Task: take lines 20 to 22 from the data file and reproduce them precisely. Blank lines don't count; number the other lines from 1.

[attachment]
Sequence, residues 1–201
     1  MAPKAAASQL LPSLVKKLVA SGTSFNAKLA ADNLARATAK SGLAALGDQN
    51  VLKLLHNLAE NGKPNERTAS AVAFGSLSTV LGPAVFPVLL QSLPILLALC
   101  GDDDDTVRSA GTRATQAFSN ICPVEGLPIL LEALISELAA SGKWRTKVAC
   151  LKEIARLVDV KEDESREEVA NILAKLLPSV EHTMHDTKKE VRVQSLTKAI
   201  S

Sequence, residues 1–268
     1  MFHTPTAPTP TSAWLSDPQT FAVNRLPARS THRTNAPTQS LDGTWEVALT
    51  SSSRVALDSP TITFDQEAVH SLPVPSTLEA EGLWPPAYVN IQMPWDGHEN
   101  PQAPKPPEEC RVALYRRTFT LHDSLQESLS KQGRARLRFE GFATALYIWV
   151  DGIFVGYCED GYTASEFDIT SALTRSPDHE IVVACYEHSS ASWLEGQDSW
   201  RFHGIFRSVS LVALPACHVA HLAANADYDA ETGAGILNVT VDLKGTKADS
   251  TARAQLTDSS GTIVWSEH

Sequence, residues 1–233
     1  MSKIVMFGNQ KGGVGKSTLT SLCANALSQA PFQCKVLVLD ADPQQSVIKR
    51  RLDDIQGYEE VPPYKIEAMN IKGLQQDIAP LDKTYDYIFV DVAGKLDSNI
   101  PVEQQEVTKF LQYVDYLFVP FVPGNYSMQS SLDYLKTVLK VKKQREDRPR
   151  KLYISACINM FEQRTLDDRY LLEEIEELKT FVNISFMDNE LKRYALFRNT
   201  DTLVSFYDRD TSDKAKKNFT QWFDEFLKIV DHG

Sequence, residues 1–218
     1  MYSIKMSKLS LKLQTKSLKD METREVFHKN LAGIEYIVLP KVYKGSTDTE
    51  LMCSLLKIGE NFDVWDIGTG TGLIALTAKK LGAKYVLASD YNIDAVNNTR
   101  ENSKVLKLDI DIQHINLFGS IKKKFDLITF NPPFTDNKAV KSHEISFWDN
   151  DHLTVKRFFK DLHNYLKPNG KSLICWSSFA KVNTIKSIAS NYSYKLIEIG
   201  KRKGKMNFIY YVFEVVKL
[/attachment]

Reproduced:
Sequence, residues 1–218
     1  MYSIKMSKLS LKLQTKSLKD METREVFHKN LAGIEYIVLP KVYKGSTDTE
    51  LMCSLLKIGE NFDVWDIGTG TGLIALTAKK LGAKYVLASD YNIDAVNNTR